It’s been said a journey of a thousand miles starts with a single step. Nobody knows this more than my sister-in-law Bren. She always extends kindness and encouragement as a mom, wife, sister, daughter, and friend to many. She works. She trains herself and she trains others. She’s climbed and reached the summit at Africa’s Mt. Kilamanjaro, has a 3rd degree black belt in Karate, and above all has the fierce courage of a lion. She’s no doubt run a million steps, and every one of them was fueled by a desire to win and backed by her strong faith.
Every day she fearlessly and joyfully runs miles and miles. I run a little, here and there, mostly indoors at an air-conditioned gym on a level surface that usually has a motor that keeps the ground as well as my speed—well, level.
She runs the way I wish to write. That is, she runs with endurance.
She runs for her life!
You can’t help but notice a few things about her if you meet her, train with her, or just love her. She bubbles over with encouragement and enthusiasm. I want to run with endurance in the challenges I face, because God knows, the longer we live, the steeper our challenges. Knowing her and watching her has taught me some things I need and want to do, in order to be who I think God has called me to be.
Be aware of your surroundings: Internally: What do you fill your head with? Do you dream big? Do you even have a dream? No? Then spend the very next first day you have free and write your own “bucket list.” Commit to start exploring one item before this month is over. Do not let another month go by, without attempting. Externally: Who do you fill your life with? People that build you up, or tear you down? Find people that support your dream, not people that don’t think you can, or they wish to determine the scope and timetable of your dream. Remember, it’s YOUR dream. You set the pace and goals. Surround yourself with the encouragers and leave the discouragers behind.
Seek correct approval. For me, ultimately, I stand before God. So I seek God’s approval and have to make my decisions according to what I know and believe about my faith. At the end of the day, I also have to live with myself. My own approval matters too. I am learning that the voice in my head that sometimes says, “You can’t do that. Who do you think you are? You’re not talented, capable, deserving, or (fill in the blank),” is NOT the voice of God, or the better part of who I am. We first must extinguish the negative voices inside and outside our head, in order to win.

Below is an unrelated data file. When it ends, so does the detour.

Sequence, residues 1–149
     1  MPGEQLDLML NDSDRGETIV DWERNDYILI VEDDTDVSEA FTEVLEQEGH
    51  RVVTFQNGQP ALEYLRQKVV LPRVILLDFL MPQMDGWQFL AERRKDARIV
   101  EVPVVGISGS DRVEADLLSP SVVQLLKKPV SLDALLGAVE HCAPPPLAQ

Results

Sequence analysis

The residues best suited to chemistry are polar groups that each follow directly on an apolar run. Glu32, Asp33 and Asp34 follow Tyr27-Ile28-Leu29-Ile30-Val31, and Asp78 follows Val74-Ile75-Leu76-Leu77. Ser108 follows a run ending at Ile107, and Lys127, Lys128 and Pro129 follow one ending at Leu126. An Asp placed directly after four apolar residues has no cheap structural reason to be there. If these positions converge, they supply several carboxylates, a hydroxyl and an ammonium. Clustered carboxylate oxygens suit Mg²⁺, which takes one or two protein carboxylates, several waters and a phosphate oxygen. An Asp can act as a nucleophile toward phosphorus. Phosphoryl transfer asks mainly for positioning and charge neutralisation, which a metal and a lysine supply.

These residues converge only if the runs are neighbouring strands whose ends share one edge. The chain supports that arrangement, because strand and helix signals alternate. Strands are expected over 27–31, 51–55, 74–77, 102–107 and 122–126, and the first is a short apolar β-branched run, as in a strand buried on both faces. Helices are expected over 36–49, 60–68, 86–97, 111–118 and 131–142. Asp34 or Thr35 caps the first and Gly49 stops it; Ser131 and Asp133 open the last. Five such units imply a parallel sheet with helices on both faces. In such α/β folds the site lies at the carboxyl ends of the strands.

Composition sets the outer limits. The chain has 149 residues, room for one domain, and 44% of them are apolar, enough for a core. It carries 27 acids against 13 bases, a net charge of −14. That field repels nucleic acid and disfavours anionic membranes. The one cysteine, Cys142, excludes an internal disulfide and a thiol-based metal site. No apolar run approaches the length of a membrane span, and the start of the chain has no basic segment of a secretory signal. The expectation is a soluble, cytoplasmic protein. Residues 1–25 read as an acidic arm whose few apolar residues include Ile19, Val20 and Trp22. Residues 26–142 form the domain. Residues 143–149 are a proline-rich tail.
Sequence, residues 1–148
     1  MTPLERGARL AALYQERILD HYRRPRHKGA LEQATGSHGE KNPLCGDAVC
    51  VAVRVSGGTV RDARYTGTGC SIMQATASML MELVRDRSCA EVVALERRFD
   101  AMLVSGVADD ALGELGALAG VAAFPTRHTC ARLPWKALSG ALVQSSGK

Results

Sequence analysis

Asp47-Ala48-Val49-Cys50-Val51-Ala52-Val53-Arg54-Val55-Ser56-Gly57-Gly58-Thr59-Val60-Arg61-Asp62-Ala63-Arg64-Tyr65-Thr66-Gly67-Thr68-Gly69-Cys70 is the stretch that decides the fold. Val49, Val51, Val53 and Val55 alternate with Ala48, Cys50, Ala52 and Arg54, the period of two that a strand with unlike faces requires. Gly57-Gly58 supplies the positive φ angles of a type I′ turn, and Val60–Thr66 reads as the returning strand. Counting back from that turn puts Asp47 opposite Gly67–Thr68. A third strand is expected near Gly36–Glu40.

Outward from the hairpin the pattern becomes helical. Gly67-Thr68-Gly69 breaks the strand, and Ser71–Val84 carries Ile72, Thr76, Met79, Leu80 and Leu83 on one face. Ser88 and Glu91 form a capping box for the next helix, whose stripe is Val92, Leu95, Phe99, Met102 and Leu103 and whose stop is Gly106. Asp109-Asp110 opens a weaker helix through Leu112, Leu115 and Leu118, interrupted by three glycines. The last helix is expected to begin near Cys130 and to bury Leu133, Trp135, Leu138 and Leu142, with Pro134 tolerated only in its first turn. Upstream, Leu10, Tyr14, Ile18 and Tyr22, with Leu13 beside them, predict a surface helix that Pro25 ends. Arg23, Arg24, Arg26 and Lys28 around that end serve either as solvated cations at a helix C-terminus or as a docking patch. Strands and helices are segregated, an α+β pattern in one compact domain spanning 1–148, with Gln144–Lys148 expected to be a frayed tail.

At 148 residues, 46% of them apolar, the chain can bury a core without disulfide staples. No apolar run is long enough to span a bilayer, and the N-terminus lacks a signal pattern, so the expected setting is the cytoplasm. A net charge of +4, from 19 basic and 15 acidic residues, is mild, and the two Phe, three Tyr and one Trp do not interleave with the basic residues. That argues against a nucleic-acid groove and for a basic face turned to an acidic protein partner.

Discipline. The daily habit of doing what you love is hard when you first get started because you have to “make time” for it. Stay with it. I’ve heard it takes executing a new behavior 30 days to become a habit. That’s about right. If life happens and you miss a day, get over it quickly, forgive yourself, and pick up where you left off the next day. Repeat: Keep going!!
Capture the journey. Be aware and feel the sensations as you run. Feel the way your heart beats and the magnificence of your own body’s complex machinery when it’s in motion. Connect with the ground beneath your feet. How do you respond when the pain comes? Maybe you need to slow a little, but don’t stop entirely. Keep going!
Run for joy. Run because it gives you joy. Let this joy spill over into your relationships, and your daily tasks. Enjoy the mundane tasks of life because you now frame those as training for the Real Thing.
Persistance Pays! Never Give Up. Keep Going. Did I mention this yet? Daily discipline and a mental attitude that internally repeats I will not quit, I will not quit is key!
Run to Win. Live “as if” This may be the hardest step of all, but it’s not insurmountable. Basically, live “as if” you can already see yourself crossing the finish line and receiving the medal. You have to believe in the possibility of the prize, before you’ll ever be ready to receive it. Training, discipline, and persistence are all required if you desire to run to win. Run and live “as if” you expect to win!
Run with Faith. Run with endurance the race set before you. Run to the best of your ability and leave the results with God. Don’t skip any of the above steps. Repeat at least 10,000 times. Run until you know, at the core of your soul, you’ve got what it takes to win. You may get a medal; you may not. It’s not about the gold; it’s about the silver—who do you see staring back at you in the mirror?
Run until you see the person who says:
It’s all good. Now run. Run for your life!
Therefore, since we are surrounded by such a great cloud of witnesses, let us throw off everything that hinders and the sin that so easily entangles, and let us run with perseverance the race marked out for us. Let us fix our eyes on Jesus, the author and perfecter of our faith, who for the joy set before him endured the cross, scorning its shame, and sat down at the right hand of the throne of God. Hebrews 12:1-2